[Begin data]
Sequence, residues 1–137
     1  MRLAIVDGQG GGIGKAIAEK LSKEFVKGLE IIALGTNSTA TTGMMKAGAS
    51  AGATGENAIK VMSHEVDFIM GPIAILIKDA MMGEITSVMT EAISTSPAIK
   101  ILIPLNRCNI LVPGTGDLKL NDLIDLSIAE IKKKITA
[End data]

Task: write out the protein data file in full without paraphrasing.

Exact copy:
Sequence, residues 1–137
     1  MRLAIVDGQG GGIGKAIAEK LSKEFVKGLE IIALGTNSTA TTGMMKAGAS
    51  AGATGENAIK VMSHEVDFIM GPIAILIKDA MMGEITSVMT EAISTSPAIK
   101  ILIPLNRCNI LVPGTGDLKL NDLIDLSIAE IKKKITA